The travel ban waiver adjudication process is as follows: first the consular officer evaluates for eligibility for the underlying visa. If the person is eligible, the consular officer evaluates whether issuance of the visa is in the national interest, and evaluates hardship. If the applicant passes both of these hurdles, the consulate sends the file to DC to evaluate whether there’s a national security risk [the third criteria]. … They didn’t elaborate on how the “national security” decision is made.

Axelrod also sent Slate her handwritten notes from the meeting. In the top left-hand corner is a box that says “DOS.” Below that the words travel ban waivers are underlined. The notes then state the number of waivers approved at the time—655—and describe the waiver process: “consular officer evaluates ntl interest + hardship. … then public security risk evaluated by (?) in D.C.”

In his affidavit, Richardson disagreed with the assertion that consular officers have full discretion to review whether visa applicants are deserving of waivers, even under the national-interest and undue-hardship criteria. According to Richardson, consular officers’ decisions regarding those criteria were dictated by unclassified State Department guidance memos, which have not been released for public inspection. A second consular officer affirmed Richardson’s view, saying that “the waiver process is fraud” and that the legal guidance in question has “no rational basis.”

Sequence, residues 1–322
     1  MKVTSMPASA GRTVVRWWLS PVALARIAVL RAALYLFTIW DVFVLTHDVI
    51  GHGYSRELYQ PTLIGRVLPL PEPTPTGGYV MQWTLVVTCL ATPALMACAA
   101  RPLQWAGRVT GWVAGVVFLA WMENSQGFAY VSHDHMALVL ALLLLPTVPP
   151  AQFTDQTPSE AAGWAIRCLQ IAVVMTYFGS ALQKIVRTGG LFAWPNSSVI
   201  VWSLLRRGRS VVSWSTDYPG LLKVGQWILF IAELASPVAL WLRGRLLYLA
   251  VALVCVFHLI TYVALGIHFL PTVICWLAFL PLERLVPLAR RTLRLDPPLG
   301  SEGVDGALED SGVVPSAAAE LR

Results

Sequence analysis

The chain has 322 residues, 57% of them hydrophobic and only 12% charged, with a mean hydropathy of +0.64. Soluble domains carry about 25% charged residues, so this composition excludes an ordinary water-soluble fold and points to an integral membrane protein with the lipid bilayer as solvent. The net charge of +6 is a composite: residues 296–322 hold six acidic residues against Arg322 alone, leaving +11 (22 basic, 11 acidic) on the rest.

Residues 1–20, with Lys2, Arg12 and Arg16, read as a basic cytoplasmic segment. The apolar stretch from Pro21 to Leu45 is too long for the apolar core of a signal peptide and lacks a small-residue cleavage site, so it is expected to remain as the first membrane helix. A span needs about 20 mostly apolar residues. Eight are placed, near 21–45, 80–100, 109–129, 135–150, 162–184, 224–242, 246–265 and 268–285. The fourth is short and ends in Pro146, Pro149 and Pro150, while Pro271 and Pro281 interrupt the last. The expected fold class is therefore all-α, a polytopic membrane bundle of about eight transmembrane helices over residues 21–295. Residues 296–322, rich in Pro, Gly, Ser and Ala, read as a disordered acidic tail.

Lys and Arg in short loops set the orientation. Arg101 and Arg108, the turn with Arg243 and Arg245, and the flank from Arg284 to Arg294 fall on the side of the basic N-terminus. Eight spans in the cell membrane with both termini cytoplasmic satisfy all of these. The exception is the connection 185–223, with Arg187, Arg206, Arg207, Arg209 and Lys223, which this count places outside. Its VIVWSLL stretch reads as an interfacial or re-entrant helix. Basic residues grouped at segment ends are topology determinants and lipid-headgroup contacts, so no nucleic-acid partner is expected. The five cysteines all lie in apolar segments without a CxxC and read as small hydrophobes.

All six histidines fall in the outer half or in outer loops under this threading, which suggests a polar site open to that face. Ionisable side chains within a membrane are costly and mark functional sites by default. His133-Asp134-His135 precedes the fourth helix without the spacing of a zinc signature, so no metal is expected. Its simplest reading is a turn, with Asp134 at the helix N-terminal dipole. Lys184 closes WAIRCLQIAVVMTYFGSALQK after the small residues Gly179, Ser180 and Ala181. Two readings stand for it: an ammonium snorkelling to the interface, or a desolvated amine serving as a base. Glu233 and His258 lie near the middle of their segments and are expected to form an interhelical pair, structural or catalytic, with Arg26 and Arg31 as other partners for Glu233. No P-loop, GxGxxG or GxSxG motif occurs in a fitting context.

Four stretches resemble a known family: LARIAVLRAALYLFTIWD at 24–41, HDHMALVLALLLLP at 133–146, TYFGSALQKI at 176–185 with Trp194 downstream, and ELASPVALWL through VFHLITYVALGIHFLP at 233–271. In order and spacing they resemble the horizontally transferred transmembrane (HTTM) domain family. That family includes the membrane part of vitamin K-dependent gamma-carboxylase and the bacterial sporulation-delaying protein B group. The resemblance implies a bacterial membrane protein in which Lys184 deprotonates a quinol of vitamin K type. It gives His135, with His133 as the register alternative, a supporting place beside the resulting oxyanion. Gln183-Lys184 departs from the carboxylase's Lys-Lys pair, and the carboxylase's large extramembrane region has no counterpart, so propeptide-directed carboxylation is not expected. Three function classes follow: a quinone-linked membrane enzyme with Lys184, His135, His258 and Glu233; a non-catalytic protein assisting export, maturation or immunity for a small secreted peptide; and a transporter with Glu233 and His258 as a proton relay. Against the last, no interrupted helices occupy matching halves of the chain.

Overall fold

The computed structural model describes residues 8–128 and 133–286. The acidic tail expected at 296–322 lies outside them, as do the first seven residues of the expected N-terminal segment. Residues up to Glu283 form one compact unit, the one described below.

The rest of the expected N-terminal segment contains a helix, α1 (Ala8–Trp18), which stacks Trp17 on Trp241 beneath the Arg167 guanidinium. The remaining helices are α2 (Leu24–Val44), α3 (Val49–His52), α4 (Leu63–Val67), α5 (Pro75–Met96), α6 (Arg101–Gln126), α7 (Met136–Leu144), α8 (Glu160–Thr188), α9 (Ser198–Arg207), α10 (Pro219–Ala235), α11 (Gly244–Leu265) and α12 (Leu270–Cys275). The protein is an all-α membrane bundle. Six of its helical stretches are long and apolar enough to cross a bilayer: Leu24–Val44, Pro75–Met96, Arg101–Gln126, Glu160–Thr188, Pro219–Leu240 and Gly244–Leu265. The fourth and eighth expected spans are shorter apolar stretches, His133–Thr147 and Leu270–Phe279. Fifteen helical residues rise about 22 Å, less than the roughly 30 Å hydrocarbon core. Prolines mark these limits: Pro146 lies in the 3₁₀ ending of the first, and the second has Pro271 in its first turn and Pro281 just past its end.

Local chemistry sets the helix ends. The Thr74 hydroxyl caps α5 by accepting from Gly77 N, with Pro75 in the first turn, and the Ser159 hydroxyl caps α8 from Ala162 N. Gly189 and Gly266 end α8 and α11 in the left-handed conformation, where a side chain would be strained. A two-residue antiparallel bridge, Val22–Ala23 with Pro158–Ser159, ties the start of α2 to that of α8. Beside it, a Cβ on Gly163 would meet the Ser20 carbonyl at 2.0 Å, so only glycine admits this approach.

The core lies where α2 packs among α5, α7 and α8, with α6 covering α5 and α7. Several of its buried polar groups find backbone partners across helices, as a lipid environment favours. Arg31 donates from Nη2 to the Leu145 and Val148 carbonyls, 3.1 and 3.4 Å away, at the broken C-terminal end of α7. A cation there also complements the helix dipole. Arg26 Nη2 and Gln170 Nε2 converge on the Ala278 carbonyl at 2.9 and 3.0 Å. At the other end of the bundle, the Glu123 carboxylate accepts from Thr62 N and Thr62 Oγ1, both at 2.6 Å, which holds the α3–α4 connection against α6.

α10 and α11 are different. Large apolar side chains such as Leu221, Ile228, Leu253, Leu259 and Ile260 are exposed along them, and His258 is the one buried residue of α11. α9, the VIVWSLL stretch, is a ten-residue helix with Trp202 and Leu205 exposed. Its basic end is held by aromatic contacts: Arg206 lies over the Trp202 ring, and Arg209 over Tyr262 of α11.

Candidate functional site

Richardson, the second consular officer, and State Department officials all appear to agree, however, that consular officers aren’t themselves permitted to adjudicate the national security criterion. In other words, consular officers don’t have final say on which visa applicants receive travel-ban waivers. That’s not what Noel Francisco told the Supreme Court.

During oral arguments in April, Francisco stated that the consular officer “him or herself … applies the criteria of the waiver provision.” He didn’t say that the consular officer applied two of the three criteria, nor did he say that the consular officer applied the criteria and then the decision was ultimately made in Washington. It’s fair to say, then, that the description Francisco gave to the justices of the Supreme Court is different than the one State Department officials have reportedly given to immigration attorneys.

The State Department’s most detailed public explanation of its waiver process came in a February letter to Sen. Chris Van Hollen. That letter stated:

If the consular officer determines, after consultation with the Visa Office, that an applicant does not pose a threat to national security or public safety and the other two requirements have been met, a visa may be issued with the concurrence of a consular manager.

While Francisco implied that consular officers are in charge of the waiver process, this letter implies that the State Department has at least some involvement in decisions regarding the national security criterion.